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Wednesday, November 2, 2011

Registry Makes Millions on .XXX Domains by Selling to Folks Who Don't Want .XXX Domains

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ICM Registry Inc., the registry operator for the .xxx top-level domain, announced Nov. 1 that it sold nearly 80,000 domain registrations in the just-concluded Sunrise A and Sunrise B registration periods.

These registrations cost nearly $300 per domain, representing a massive expenditure of cash mostly by folks who want to be kept out of .xxx's adult content neighborhood.

Sunrise A is for adult content sellers who already have a trademark in that market, for example, playboy.com. Sunrise A registrations cost $278 the first year and $79 in subsequent years.

Sunrise B is for trademark owners who want nothing to do with the .xxx top-level domain and would like to block others from associating their brand with the adult content market. Sunrise B registrations cost $299 per domain. Each registration lasts 10 years.

ICM Registry did not say how many of the 80,000 registrants were in the Sunrise A or Sunrise B groups. So we're left to guess. I think it is fair to assume that the overwhelming number of registrants were in the Sunrise B "definitely not interested in adult content" group.

So ICM Registry took in between $22.2 million (assuming all registrations were adult businesses) and $23.9 million (assuming all registrations were businesses who wanted no association whatsoever with the .xxx top-level domain).

These dollars represent an enormous tax on the trademark owner community with very little in the way of countervailing social benefit. It's true that nobody forced trademark owners to participate in the .xxx sunrise registration round. On the other hand, how many companies would risk tarnishment of their brand in .xxx if the cost of protection is a mere $299?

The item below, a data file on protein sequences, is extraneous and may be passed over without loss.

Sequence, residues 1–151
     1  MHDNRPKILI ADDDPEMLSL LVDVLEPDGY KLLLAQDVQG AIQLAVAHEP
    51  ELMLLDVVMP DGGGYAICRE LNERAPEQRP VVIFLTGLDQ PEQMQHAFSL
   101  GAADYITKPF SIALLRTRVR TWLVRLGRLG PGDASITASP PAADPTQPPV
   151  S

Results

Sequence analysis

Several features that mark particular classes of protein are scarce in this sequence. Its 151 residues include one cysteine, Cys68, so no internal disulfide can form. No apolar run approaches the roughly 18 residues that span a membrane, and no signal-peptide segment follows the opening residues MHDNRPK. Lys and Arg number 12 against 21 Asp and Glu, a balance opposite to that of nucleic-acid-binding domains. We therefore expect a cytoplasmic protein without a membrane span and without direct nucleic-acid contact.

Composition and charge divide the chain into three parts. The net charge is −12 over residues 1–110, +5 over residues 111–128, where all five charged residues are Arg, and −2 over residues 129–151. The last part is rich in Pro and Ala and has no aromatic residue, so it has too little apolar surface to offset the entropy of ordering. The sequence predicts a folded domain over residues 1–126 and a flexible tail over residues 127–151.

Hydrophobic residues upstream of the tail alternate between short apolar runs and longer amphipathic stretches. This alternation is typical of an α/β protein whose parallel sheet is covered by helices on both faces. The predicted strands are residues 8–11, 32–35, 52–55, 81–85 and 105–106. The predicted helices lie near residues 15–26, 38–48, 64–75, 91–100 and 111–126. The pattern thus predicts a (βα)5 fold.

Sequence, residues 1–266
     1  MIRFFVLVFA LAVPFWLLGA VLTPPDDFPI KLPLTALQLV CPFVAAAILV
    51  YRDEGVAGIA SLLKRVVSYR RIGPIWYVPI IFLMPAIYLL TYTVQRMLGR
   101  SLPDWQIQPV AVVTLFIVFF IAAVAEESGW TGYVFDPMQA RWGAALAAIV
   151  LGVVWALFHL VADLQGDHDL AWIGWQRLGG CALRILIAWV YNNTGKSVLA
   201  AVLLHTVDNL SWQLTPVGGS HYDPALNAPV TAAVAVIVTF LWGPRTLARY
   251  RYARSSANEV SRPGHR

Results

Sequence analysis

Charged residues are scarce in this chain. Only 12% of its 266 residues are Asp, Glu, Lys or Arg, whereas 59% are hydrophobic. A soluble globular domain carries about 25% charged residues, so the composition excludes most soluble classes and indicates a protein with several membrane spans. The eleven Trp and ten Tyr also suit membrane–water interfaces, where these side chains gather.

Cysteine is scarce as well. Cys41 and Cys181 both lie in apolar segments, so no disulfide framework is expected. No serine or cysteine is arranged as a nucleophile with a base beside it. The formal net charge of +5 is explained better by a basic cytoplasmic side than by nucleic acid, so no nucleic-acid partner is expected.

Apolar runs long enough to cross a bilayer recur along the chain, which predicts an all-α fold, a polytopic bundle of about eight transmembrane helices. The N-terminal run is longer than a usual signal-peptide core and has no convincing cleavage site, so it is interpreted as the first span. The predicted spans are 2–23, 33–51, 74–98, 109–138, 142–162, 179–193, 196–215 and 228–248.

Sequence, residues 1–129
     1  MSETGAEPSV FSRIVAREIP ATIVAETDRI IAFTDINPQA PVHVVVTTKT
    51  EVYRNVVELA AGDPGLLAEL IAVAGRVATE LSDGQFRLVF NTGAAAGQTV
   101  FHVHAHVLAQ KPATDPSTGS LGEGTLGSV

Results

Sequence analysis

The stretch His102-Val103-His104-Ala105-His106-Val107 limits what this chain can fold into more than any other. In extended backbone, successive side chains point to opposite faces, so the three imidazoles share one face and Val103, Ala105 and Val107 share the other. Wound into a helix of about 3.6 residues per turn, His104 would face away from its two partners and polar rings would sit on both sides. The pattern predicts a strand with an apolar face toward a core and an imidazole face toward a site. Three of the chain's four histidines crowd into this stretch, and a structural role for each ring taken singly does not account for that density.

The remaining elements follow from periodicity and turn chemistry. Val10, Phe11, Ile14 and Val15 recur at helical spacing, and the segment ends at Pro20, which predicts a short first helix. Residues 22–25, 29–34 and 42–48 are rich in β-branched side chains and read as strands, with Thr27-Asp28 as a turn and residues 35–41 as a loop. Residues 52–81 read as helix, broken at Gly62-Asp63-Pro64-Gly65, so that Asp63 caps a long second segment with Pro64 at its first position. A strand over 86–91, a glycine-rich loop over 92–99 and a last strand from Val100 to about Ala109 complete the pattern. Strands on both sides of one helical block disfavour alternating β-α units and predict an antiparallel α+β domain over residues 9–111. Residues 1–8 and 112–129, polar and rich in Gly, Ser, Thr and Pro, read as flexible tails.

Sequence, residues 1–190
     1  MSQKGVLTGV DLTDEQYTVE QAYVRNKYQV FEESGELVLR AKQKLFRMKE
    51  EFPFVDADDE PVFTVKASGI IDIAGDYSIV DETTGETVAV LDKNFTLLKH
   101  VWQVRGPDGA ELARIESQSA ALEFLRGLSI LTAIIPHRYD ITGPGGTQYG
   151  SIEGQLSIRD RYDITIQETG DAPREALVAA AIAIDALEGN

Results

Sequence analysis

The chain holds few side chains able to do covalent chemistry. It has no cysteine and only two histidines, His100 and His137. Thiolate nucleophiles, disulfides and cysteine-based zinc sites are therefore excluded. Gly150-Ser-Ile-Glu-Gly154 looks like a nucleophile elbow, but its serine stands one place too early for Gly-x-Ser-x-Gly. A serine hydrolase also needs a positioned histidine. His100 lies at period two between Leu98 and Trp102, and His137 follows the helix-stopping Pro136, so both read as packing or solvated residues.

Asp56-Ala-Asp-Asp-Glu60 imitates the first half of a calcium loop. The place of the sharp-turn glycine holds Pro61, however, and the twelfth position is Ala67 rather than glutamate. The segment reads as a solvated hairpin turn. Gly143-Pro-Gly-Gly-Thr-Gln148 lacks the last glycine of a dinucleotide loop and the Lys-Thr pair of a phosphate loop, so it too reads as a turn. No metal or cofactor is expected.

The price tag for keeping out of .xxx seems to bolster the argument of advertising groups like the Association of National Advertisers, who (somewhat belatedly) launched a campaign against ICANN's new top-level domain initiative this summer. ANA argues that an economic case has not been made to justify saddling businesses with what ANA believes will be "billions of dollars" in costs associated with protecting trademarks in the new top-level domains. The fact that ICM Registry coffers are now swelling with millions in trademark owner "protection money" might be just the sort of tangible evidence that ANA needs to keep its lobbying effort alive a little while longer. At a minimum, prospective new top-level domain operators are likely going to meet with strong resistance from mark owners determined to see that their .xxx experience not be repeated in any future domains.

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